While virtually all campus recruiting strategies consider Gen Y’s needs and desires, an increasingly influential stakeholder is often overlooked – parents.
“The tide has changed – new grads no longer need to adjust to fit the company/employer but rather companies need to evaluate their employee value proposition to see if it fits the new grad,” says Paul Anthony Hamilton, an experienced talent acquisition leader.
On May 14th, at the 2014 TalentEgg National Campus Recruitment Excellence Awards & Conference in Toronto, Paul will be sharing strategies on how campus recruiters can appeal to parents in campus recruitment.
Until then, here is a sneak peek of what you can expect from Paul’s presentation on May 14th:
Paul Anthony Hamilton
Experienced Talent Acquisition Leader
Why are parents important stakeholders in the Gen Y recruitment process? What’s changed?
Paul: We have to realize that 42.4% of the Canadian working population is between the ages of 45-64. This group is often referred to as baby boomers or Generation X but they are also parents of Generation Y. The composition of today’s intergenerational workforce creates new complexities and challenges when it comes to recruiting, attracting and retaining talent.
Never before have parents been so involved in their children’s job search. They provide input in the companies their children target based on their years of experience. They influence Gen Y’s decisions with the lessons they have learned – the good, the bad and the indifferent.
What’s changed? It’s no longer about finding an organization that provides a 20+ year career or the best benefits package or the highest pay – parents are shifting the focus of the career conversation with their kids to items that really matter including cultural integration, core values and impact on society. Regardless of what the numbers indicate, Generation Y employees do one thing very well; they exercise their choice and today’s parents are encouraging this next wave of employees not to settle. Bottom line, parents know the new grad better than a professional campus recruiter ever will.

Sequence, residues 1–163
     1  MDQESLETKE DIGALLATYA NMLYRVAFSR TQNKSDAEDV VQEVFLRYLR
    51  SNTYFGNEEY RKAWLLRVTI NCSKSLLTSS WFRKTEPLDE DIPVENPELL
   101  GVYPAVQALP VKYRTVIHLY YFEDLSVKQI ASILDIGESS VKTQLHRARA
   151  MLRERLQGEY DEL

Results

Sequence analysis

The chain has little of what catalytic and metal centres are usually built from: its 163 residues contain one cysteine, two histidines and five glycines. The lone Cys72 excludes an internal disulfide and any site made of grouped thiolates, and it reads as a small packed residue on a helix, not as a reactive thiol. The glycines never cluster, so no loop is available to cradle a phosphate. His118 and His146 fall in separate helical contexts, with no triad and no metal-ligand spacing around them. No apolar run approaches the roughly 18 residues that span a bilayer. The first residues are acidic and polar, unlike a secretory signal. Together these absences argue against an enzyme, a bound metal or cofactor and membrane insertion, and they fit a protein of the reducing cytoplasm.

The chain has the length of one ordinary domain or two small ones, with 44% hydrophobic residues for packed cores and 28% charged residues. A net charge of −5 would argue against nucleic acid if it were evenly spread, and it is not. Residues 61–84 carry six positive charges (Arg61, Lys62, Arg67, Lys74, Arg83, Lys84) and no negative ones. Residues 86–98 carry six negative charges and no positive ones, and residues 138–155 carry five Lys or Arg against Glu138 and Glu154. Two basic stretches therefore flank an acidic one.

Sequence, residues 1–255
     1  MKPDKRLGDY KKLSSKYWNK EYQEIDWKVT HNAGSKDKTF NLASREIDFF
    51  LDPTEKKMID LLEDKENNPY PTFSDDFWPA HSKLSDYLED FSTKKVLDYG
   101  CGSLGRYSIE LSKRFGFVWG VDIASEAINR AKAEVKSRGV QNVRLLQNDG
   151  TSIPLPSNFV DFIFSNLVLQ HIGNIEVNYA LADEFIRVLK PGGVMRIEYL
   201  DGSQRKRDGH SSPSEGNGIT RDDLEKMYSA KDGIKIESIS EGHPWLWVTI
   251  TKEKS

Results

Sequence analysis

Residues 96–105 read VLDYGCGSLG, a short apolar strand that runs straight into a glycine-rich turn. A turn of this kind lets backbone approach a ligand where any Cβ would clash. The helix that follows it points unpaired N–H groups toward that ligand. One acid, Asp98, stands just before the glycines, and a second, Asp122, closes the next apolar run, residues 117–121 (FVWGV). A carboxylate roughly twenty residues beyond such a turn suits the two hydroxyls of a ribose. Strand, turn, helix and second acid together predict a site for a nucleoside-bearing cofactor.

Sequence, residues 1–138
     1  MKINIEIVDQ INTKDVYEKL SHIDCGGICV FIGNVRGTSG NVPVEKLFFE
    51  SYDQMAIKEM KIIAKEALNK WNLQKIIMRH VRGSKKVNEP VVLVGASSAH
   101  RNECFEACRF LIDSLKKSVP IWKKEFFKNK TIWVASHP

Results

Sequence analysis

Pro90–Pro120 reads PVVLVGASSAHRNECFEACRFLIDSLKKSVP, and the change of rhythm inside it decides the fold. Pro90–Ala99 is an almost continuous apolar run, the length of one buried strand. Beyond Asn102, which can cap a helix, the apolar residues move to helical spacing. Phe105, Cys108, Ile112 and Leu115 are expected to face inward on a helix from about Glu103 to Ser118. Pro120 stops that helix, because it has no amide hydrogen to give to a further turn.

What benefits can campus recruiters gain by appealing to parents in campus recruiting?
Paul: Campus recruiters don’t need to appeal to parents, but they do need to think like one in terms of the questions they ask during an interview. They need to be far more transparent and provide a compelling work experience that is an investment in the new grad, while delivering on the value proposition that was presented up front. It’s no longer about the flash in the pan approach or the one size fits all model.
What should campus recruiters expect to learn from your presentation?
Paul: I’ve interviewed many parents with kids who are about to graduate and they shared with me compelling information and data on why hiring their child or a new grad is RISKY business.
Based on the insight and intelligence, I believe campus recruiters will need to re-evaluate their approach with new graduates, revamp their offers packages and include a new stakeholder group in the discussion: parents!
What are you most looking forward to sharing?
Paul: I am most excited to share:
- Why hiring a new grad should be a RISKY venture for the campus recruiter
- The 5 factors parents assess when helping their child evaluate a potential employer
- Stories/examples of top employers that are doing it right
Wondering why Generation Y will be a RISKY venture? RISKY is an acronym – learn what it stands for and many more best practices in campus recruitment at the 2014 TalentEgg National Campus Recruitment Excellence Awards and Conference.
Register now to see Paul’s presentation and many others!